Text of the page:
Increasingly each of us–regardless of where we reside in a city, country, region, or continent–is bombarded by movies, advertisements, song lyrics, political discourse, books, work programs, and education courses that make the claim that leaders are fundamental to organizational success and social civility.
Journalists, educators, and politicians around the world extol the virtues of leaders–and the dearth of leadership in many contexts. In 2017, a key word search on the word “leadership” results in a list of more than 30,000 books distributed through Amazon alone. Further, likely each of us has a personal perception of the definition, role, and purpose of leadership.
With much attention on leadership (even amid a lack of leadership standards), managers and scholars are wise to grasp their own leadership philosophies, assumptions, and biases.
- To launch our discussion this week, begin by identifying a leadership approach with which you are personally familiar. (See Western, 2013, Chapter 2 [required reading] and Page II of this week’s lecture for examples of leadership approaches.)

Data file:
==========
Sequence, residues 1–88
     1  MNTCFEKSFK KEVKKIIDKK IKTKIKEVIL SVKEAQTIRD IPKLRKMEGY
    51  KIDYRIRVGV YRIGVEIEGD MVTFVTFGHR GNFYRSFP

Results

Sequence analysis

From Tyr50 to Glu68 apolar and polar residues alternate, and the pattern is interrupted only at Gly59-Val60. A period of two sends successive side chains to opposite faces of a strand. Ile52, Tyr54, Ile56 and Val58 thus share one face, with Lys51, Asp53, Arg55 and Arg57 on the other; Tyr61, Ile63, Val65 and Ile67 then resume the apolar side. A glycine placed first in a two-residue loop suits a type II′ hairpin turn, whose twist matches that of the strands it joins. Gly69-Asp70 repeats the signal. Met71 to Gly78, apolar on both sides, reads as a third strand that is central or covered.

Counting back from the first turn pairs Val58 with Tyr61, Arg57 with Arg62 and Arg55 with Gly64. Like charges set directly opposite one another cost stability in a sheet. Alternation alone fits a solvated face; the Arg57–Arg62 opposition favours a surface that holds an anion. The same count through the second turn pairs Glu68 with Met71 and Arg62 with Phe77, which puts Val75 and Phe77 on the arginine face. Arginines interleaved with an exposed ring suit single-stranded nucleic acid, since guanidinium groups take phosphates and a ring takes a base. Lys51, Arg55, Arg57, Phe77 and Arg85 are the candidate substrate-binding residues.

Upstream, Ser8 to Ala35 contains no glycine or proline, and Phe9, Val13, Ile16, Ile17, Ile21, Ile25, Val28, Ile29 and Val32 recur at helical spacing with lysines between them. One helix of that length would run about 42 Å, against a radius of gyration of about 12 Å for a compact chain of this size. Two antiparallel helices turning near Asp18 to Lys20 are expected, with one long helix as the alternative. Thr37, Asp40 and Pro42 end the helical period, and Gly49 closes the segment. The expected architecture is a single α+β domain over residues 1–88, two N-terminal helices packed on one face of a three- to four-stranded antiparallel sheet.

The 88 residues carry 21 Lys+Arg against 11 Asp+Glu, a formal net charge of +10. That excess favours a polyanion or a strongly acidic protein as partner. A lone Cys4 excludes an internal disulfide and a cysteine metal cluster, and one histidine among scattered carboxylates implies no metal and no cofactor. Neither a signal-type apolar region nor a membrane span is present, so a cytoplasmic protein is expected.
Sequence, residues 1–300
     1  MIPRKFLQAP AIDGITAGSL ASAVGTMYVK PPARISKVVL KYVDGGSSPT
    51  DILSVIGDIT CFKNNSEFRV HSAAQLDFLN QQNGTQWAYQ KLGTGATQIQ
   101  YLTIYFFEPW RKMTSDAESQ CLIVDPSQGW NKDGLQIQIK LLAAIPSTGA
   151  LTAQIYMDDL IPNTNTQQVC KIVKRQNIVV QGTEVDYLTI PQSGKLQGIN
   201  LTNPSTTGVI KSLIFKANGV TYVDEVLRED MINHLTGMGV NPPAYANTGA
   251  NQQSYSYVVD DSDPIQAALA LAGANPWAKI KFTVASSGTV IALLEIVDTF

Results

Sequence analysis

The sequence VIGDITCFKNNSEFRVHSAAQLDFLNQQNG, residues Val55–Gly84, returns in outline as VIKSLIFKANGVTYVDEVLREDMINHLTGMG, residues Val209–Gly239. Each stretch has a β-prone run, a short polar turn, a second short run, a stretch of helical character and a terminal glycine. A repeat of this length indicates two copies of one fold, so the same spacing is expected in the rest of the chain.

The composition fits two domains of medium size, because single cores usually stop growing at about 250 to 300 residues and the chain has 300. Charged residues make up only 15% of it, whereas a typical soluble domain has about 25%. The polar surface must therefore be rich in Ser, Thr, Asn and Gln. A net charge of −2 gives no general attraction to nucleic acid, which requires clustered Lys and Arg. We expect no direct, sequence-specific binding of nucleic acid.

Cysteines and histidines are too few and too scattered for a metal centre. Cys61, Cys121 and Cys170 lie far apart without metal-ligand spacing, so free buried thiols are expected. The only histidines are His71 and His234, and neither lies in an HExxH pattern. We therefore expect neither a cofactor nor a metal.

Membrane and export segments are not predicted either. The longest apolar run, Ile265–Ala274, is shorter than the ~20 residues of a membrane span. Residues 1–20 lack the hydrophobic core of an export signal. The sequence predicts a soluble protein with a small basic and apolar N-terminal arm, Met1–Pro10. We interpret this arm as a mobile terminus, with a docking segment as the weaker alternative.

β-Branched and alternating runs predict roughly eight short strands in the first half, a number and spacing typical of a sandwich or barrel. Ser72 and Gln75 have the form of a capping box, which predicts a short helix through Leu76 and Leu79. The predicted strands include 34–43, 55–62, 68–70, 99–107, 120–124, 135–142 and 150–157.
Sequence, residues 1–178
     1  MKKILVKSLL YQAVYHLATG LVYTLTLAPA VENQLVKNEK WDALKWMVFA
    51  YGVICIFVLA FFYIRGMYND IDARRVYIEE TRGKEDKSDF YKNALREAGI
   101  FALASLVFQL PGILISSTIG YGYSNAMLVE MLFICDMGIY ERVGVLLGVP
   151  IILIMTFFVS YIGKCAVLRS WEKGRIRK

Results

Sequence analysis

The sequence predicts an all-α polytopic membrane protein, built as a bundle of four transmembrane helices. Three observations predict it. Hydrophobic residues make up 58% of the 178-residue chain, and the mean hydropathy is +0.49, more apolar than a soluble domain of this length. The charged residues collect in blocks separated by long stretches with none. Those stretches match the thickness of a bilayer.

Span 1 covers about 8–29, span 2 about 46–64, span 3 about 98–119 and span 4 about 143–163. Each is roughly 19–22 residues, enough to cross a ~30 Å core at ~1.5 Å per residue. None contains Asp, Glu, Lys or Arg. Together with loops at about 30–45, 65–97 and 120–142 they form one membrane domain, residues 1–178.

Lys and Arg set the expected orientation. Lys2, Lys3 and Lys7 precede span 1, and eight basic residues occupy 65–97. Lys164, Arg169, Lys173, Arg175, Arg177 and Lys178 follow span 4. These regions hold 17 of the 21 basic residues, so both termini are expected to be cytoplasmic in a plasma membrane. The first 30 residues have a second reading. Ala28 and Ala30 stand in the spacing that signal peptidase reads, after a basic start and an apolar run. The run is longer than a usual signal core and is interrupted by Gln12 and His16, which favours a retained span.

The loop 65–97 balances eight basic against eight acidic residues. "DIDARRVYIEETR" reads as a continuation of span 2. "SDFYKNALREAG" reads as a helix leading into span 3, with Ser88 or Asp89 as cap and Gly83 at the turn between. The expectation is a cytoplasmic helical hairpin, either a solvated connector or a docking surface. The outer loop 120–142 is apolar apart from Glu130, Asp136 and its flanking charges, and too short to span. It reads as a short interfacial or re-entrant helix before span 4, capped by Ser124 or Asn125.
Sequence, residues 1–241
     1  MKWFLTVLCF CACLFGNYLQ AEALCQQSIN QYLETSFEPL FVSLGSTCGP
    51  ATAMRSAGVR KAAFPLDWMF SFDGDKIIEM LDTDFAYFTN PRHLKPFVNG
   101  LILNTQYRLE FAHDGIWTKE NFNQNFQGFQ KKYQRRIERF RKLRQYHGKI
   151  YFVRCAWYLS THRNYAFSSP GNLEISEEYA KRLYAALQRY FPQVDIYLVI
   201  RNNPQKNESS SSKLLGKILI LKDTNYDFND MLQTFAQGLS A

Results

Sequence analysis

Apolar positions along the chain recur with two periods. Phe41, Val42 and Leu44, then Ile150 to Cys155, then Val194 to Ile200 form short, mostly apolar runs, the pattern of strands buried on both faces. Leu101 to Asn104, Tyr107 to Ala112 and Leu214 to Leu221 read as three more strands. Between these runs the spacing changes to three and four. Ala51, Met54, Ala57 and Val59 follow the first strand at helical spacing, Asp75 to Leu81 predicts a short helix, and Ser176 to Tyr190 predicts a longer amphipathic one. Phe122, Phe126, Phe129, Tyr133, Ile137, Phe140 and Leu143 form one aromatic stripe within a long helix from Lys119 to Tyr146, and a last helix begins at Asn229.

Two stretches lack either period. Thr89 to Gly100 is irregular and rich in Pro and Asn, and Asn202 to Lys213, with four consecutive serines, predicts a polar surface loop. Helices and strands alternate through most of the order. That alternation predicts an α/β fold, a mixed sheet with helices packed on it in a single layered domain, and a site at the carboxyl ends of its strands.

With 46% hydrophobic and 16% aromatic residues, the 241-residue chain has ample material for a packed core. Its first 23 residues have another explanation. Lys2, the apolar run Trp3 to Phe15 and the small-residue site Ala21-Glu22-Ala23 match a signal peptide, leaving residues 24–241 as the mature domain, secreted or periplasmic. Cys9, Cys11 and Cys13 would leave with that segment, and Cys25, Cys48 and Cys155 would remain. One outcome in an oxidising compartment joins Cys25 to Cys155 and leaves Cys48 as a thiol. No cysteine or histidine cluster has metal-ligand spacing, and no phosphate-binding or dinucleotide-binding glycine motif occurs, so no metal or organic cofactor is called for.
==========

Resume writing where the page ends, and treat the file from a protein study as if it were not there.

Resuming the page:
- In an original post, describe a scenario in which you witnessed or experienced a particular leadership approach. Then, choose one of Western’s (2013) [required reading] four frames of critical inquiry to explore the leadership approach, to explain your analytic process, and to provide a description of your findings.
- The original post should be no more than three to four paragraphs written in clear, concise form.
- Support your writing with at least two scholarly sources that are in addition to required readings.
- When responding to other original posts, discuss the findings and assess the effective use of the critical inquiry method. Do the findings resonate with your own experiences with and knowledge about leadership practices? Why or why not? Support your position.
For every discussion and assignment:
- Use APA formatting and writing style; include citations and associated references.